Various social effects spring from the people who are unemployed. They affect both our communities and the unemployed. The skills and knowledge from the unemployed is lost to our economy which keeps our economy from reaching its full potential. There is also an increase in crime and social strife during times of high unemployment. Bruce Weinberg, associate professor of economics at Ohio State University, Eric Gould, Hebrew University, and David Mustard, University of Georgia conducted a study of the national crime rates between 1979 and 1997 and found a direct correlation in falling wages and rising unemployment rates of men without college educations. (The Ohio State University, 2002) There are several private costs to an unemployed person and depending on the length of time a person is unemployed these private cost can increase. Stress over lost jobs and income can lead to family violence, family breakups, drug and alcohol abuse, health problems, and even suicide.

Associate Professor Maw-Der Foo, University of Colorado, and Professor Zhaoli Song, National University of Singapore, examined daily stresses felt by married couples where one spouse was employed and the other unemployed, and how that stress affected each spouse. Professor Foo stated, “One of the key findings in this study is that couples are better at sharing their burden than helping alleviate it…Going into the study we thought that marital support might help alleviate the stress of unemployment on the family unit, but it didn’t turn out to be the case.” (Foo, 2011) What the study ultimately found was that the spouse that was employed decreased their support to the unemployed spouse, which increased stress for the unemployed spouse. Again proving unemployment affects all members of society.

Solutions to Unemployment
The most important step in decreasing the rate of unemployment is to start creating new jobs. Making it easier and more profitable to start a business can be accomplished by decreasing or reforming regulations and taxes. A business that spends its resources to pay taxes or follow high regulations has less money to invest in its business ultimately hurting its bottom line. This would be very helpful for smaller businesses since the effects of regulations and taxes are felt more than they are in larger business. There are also public and private programs that can be put into place to help reduce structural unemployment. Examples of these programs are retraining programs for unskilled workers, paying subsidies to businesses to provide training for displaced workers, monetary programs to relocate unemployed people to where jobs are available, and programs to promote the unemployed to begin or resume their education.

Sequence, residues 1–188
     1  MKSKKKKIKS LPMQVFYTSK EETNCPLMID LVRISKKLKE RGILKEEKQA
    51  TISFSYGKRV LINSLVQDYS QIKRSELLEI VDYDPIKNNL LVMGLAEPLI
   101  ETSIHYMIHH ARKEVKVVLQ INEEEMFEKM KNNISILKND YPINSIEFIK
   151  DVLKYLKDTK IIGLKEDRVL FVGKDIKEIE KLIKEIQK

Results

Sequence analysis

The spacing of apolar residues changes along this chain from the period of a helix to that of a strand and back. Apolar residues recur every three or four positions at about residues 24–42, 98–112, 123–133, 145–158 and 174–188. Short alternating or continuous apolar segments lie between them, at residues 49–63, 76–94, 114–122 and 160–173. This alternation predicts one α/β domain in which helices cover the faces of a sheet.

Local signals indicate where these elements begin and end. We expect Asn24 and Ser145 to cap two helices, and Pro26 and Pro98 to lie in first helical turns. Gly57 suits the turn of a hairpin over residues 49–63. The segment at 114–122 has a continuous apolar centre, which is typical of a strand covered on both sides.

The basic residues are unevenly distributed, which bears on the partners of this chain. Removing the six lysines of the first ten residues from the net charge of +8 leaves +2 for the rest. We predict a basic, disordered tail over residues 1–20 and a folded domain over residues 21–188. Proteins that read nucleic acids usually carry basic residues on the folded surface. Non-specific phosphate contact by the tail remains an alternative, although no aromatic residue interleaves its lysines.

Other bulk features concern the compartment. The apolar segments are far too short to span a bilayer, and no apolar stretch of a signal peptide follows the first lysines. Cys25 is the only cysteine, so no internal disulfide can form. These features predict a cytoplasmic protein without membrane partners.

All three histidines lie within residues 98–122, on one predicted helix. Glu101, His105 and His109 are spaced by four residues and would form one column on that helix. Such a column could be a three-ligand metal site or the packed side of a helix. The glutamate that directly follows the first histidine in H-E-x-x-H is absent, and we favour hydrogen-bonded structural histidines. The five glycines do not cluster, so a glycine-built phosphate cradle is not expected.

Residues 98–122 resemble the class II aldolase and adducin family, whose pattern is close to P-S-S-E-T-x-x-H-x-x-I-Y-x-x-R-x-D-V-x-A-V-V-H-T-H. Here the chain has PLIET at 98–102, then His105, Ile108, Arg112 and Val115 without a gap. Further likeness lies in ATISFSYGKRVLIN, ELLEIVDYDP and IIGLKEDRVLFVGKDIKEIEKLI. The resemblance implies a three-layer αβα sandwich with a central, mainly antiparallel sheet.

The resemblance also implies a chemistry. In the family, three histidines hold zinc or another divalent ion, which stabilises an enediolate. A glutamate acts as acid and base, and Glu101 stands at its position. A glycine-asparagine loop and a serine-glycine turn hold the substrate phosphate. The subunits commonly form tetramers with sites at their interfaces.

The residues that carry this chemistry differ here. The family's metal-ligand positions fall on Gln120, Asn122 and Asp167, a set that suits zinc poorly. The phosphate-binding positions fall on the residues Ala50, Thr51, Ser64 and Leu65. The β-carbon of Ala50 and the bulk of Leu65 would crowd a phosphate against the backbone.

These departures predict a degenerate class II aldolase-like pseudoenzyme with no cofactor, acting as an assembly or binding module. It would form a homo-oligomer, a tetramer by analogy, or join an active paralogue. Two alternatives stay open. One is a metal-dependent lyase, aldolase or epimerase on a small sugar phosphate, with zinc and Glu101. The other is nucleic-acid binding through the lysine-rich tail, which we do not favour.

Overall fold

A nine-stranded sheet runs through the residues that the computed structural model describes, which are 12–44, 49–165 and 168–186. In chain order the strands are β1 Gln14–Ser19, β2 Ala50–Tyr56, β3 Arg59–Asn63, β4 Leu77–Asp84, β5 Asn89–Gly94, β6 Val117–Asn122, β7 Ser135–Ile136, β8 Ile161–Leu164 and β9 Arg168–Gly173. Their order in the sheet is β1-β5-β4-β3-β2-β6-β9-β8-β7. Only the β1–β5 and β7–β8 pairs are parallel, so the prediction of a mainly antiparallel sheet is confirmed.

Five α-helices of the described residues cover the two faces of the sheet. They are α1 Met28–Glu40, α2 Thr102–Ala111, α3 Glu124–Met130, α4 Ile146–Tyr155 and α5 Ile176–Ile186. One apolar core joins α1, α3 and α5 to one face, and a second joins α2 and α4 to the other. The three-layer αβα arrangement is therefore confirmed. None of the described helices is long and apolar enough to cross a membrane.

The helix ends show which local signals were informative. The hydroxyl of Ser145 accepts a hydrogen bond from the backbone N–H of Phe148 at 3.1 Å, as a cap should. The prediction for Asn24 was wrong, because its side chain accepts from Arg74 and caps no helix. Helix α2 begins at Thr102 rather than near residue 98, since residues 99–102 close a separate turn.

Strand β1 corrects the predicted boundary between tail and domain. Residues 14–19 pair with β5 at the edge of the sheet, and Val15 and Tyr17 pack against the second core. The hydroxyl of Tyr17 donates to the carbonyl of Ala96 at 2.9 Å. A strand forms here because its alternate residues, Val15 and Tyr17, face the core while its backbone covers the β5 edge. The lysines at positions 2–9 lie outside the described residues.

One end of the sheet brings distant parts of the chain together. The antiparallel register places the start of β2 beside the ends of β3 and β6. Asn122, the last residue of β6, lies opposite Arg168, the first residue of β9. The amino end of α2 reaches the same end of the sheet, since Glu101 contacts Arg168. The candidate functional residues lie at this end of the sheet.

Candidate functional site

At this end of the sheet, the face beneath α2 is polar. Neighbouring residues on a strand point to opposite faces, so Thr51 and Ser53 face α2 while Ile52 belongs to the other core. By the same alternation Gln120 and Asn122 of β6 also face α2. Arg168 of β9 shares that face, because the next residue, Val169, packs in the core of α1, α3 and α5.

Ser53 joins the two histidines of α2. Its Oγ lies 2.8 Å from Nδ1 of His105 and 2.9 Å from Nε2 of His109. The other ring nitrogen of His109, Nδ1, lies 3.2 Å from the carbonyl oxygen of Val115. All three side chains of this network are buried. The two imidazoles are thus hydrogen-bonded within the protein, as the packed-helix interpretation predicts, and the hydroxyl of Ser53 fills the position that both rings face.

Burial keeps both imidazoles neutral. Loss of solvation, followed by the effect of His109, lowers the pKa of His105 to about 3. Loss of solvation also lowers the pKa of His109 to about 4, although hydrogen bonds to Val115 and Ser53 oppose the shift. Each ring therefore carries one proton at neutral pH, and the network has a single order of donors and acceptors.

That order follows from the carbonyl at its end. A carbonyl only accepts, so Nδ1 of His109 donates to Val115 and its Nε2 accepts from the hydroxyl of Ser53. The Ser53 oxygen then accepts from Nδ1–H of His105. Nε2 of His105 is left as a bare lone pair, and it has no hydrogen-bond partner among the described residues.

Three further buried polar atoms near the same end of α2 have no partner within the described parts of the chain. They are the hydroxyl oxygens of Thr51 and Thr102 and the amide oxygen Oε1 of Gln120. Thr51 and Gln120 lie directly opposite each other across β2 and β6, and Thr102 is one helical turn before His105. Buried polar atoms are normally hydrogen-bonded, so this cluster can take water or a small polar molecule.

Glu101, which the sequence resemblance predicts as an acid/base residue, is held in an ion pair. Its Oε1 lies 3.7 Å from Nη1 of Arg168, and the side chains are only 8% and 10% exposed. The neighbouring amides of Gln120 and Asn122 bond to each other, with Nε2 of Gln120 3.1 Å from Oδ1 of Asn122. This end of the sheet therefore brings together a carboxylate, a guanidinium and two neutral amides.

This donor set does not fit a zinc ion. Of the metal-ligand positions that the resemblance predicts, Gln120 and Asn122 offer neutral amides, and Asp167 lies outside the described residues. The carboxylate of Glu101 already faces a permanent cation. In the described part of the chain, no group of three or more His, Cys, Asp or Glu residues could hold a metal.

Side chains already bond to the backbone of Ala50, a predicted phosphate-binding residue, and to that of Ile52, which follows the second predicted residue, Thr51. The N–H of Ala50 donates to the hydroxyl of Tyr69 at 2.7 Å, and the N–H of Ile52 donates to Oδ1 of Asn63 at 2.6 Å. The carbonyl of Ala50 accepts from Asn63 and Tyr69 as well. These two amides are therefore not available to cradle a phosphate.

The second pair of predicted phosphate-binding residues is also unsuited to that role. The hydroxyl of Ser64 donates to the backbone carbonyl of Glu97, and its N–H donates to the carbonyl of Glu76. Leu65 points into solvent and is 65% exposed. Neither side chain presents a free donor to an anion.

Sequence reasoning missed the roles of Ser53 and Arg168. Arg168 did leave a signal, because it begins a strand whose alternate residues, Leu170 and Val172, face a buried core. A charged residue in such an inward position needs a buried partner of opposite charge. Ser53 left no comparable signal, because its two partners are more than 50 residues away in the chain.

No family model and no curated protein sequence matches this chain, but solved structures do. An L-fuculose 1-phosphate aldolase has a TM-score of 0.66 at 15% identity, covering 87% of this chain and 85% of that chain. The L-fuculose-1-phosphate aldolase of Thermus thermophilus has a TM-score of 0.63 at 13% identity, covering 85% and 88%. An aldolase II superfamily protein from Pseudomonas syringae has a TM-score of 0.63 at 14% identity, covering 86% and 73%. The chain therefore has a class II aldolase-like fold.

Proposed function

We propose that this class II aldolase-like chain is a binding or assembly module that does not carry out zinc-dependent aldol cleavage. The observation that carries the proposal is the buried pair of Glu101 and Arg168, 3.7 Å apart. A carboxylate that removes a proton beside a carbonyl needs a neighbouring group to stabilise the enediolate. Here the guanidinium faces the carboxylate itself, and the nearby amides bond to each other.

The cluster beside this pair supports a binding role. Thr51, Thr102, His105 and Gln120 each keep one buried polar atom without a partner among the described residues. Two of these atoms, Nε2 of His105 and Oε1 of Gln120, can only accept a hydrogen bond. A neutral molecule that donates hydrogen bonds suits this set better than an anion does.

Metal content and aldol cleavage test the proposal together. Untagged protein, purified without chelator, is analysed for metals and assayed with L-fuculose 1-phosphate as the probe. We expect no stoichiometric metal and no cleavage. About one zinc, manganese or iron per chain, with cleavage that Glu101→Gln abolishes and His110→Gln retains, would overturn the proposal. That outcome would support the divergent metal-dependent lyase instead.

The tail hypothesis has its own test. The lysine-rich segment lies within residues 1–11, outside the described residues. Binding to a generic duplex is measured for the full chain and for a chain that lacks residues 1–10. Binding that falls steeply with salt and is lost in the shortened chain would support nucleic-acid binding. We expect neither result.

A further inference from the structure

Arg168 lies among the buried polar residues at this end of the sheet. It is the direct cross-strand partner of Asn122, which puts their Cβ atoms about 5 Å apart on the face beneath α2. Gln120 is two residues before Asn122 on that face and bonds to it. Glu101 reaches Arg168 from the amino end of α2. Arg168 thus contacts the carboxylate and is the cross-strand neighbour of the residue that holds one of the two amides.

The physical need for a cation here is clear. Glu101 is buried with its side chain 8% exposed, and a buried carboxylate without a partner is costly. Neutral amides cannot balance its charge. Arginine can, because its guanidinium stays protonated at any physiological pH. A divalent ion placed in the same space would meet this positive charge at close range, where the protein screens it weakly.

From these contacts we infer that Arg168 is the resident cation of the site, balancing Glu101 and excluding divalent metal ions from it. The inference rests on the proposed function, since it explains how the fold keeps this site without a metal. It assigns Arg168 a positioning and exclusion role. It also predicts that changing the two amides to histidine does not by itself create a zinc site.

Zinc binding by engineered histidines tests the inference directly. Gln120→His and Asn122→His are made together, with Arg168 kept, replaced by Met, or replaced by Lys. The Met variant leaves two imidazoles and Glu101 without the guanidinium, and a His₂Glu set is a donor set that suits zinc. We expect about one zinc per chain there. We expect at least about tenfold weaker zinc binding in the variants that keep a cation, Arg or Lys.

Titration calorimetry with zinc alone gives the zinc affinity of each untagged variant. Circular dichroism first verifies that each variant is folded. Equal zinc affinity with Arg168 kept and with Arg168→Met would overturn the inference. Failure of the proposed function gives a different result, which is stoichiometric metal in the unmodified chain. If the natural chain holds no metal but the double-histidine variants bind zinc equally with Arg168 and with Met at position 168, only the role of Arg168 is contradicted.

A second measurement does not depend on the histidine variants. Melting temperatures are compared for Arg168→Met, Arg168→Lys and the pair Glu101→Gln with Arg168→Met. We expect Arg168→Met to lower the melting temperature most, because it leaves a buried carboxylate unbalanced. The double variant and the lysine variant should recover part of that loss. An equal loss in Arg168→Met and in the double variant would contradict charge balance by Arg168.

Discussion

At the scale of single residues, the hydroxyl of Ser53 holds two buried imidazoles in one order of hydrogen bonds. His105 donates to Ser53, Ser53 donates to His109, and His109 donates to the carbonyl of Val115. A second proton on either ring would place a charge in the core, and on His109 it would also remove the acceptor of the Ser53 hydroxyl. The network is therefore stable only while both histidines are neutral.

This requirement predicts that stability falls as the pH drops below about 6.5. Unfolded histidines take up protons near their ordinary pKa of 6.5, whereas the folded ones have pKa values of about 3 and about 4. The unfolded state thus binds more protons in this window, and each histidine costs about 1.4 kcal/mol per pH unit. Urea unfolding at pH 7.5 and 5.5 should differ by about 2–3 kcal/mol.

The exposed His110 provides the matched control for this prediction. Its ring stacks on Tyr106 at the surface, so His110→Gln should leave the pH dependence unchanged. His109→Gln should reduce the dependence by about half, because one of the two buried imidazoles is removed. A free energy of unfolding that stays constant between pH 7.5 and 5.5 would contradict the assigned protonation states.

Making employment information more readily accessible to the unemployed would also help reduce frictional unemployment. The internet is a wonderful tool for this but, internet or computer access is not always available. Providing the unemployed access to the internet or a computer when it is not readily available to them would help get employment information to them quicker. Reducing frictional and structural unemployment is easier than reducing cyclical unemployment. To reduce cyclical unemployment, many economists believe that aggregate demand must increase. John Maynard Keynes believed that an increase in non-price level determinants, such as government spending, causes the demand curve to shift right leading to a higher aggregate demand, which leads to the employment level rising. (Tucker, 2008)

Using Keynes theory, we can reach full employment. Full employment is not a situation where every person is employed nor is there a fixed number for full employment because it depends on the demographic makeup of the labor force. Full employment, also called the natural rate of employment, is when everyone that is willing to work has a job. It is an economy where cyclical unemployment does not exist and the economy is achieving its potential output. (Tucker, 2008) Conclusion

Unemployment, no matter what the cause for it may be, causes fundamental cost to the economy. Its effects can be detrimental to the unemployed person, their family, and society as a whole. The economy loses the potential goods and services that the unemployed person could be providing, as well as the money that the person could be putting back in to the economy. The unemployed person’s social life can be affected negatively and may only worsen as the length of time of the unemployment increases. With help from the government and the creation of jobs we can help alleviate the stress caused by unemployment as well as the number of unemployed persons in the country


Encyclopedia Britannica(2014)
Retrieved from: http://www.britannica.com/EBchecked/topic/614368/unemployment Fink, S. (2011, December 9). Barriers to job creation must be removed.
Retrieved from: http://www.delawareonline.com/article/20111210/OPINION07/112100320/Barriers-job-creation-must-removed Foo, M. (2011, February 21). Stresses of unemployed spouse can hurt job performance of other spouse, study finds. Retrieved from: http://www.colorado.edu/news/releases/2011/02/21/stresses-unemployed-spouse-can-hurt-job-performance-other-spouse-study The Ohio State University. (2002, April 10). Higher crime rate linked to lower wages and unemployment, study finds. Retrieved from: http://researchnews.osu.edu/archive//crimwage.htm

American Psychological Association (2013). Basics of APA style tutorial Retrieved from: http://flash1r.apa.org/apastyle/basics/index.htm Purdue University (2013). Tips and examples for writing thesis statements